Twitter Demographics

The data shown below were collected from the profile of 1 tweeter who shared this research output. Click here to find out more about how the information was compiled.

Mendeley readers

The data shown below were compiled from readership statistics for 87 Mendeley readers of this research output. Click here to see the associated Mendeley record.

Geographical breakdown

Country Count As %
Switzerland 1 1%
Unknown 86 99%

Demographic breakdown

Readers by professional status Count As %
Student > Bachelor 3 3%
Lecturer 1 1%
Unknown 83 95%
Readers by discipline Count As %
Psychology 2 2%
Medicine and Dentistry 2 2%
Unknown 83 95%

Attention Score in Context

This research output has an Altmetric Attention Score of 10. This is our high-level measure of the quality and quantity of online attention that it has received. This Attention Score, as well as the ranking and number of research outputs shown below, was calculated when the research output was last mentioned on 30 August 2018.
All research outputs
#1,254,634
of 12,211,623 outputs
Outputs from Cochrane database of systematic reviews
#3,014
of 8,269 outputs
Outputs of similar age
#35,133
of 272,828 outputs
Outputs of similar age from Cochrane database of systematic reviews
#94
of 223 outputs
Altmetric has tracked 12,211,623 research outputs across all sources so far. Compared to these this one has done well and is in the 89th percentile: it's in the top 25% of all research outputs ever tracked by Altmetric.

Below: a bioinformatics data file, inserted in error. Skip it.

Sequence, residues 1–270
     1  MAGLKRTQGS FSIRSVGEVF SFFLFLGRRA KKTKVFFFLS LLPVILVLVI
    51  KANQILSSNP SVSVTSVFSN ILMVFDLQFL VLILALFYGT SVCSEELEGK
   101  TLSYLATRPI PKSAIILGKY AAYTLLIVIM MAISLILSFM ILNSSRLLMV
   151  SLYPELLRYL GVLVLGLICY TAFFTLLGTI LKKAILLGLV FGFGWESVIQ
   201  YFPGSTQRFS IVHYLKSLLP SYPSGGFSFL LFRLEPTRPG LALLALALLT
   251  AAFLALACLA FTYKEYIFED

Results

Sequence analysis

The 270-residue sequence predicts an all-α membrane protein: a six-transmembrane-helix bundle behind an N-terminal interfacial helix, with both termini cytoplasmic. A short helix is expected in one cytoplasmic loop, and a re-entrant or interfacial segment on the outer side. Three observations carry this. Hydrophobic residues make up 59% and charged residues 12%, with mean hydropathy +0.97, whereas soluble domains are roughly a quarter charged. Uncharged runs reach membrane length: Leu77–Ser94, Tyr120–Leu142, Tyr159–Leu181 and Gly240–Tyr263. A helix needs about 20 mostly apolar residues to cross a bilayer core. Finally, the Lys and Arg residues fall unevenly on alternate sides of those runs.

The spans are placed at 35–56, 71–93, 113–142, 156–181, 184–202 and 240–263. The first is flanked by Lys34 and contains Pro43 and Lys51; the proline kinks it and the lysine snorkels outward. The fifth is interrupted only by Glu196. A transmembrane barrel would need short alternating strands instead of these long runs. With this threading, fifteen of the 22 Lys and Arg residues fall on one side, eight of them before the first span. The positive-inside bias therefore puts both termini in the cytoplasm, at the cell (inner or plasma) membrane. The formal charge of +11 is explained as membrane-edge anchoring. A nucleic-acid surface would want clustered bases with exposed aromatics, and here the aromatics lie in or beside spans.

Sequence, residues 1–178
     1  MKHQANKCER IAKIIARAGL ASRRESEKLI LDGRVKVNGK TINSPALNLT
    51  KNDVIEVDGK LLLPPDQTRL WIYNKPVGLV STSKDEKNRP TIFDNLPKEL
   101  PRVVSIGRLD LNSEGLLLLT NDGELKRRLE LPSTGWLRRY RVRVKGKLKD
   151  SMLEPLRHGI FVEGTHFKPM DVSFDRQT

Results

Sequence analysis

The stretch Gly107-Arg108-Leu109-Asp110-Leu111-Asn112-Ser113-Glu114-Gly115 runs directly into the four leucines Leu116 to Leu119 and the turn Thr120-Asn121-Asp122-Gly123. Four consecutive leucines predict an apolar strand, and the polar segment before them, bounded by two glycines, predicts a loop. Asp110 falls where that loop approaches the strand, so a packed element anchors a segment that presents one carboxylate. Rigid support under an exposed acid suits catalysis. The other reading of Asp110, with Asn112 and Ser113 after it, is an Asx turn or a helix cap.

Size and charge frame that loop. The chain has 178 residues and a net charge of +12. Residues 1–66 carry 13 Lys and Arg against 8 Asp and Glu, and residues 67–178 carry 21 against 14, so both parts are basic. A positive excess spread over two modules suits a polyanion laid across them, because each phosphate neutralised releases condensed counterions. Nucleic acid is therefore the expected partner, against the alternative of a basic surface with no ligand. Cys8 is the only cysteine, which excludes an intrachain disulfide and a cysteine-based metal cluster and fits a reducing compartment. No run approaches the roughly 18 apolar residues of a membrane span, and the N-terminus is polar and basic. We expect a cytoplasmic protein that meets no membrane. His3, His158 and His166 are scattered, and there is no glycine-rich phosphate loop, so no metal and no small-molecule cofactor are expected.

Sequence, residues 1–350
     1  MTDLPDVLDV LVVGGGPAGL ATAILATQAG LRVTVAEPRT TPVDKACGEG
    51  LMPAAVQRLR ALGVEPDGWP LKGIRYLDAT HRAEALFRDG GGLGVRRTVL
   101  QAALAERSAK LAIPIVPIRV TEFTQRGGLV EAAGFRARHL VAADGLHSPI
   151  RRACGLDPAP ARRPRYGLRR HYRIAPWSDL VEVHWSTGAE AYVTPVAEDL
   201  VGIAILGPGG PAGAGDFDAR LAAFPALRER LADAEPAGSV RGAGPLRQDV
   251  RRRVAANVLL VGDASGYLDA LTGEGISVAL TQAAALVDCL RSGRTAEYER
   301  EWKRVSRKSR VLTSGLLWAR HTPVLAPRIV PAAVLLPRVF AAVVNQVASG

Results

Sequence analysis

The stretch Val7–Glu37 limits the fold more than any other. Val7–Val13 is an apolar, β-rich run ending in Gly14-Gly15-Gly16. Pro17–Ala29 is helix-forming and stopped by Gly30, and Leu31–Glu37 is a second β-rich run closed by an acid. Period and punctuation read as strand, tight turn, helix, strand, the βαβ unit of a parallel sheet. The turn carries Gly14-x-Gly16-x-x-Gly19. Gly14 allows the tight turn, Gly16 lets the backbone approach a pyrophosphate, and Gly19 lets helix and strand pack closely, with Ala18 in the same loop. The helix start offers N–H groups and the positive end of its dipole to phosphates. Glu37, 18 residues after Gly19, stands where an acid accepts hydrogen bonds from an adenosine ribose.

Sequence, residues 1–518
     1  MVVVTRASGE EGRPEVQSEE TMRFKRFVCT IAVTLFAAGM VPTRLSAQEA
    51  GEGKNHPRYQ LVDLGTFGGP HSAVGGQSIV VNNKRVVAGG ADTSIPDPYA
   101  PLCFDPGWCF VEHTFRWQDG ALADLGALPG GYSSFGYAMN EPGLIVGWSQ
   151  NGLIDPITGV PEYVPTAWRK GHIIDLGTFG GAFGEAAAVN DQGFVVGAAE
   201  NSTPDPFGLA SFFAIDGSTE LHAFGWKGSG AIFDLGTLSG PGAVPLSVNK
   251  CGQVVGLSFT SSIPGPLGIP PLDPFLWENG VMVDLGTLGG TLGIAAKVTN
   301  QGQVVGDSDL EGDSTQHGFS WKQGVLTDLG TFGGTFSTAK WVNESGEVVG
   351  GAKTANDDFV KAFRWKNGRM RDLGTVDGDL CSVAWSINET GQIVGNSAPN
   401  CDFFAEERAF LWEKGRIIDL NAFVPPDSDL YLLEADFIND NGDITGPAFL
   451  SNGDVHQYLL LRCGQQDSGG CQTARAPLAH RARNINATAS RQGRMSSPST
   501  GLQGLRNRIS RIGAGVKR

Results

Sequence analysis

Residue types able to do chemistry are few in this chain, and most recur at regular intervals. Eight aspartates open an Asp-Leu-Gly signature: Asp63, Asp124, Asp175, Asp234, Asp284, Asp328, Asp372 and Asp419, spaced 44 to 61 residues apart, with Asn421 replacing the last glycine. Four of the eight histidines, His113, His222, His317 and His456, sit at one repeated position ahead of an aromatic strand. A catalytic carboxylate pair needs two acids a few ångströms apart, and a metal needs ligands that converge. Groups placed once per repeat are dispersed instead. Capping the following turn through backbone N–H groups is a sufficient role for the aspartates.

So far Altmetric has tracked 8,269 research outputs from this source. They typically receive a lot more attention than average, with a mean Attention Score of 19.6. This one has gotten more attention than average, scoring higher than 63% of its peers.
Older research outputs will score higher simply because they've had more time to accumulate mentions. To account for age we can compare this Altmetric Attention Score to the 272,828 tracked outputs that were published within six weeks on either side of this one in any source. This one has done well, scoring higher than 86% of its contemporaries.
We're also able to compare this research output to 223 others from the same source and published within six weeks on either side of this one. This one has gotten more attention than average, scoring higher than 57% of its contemporaries.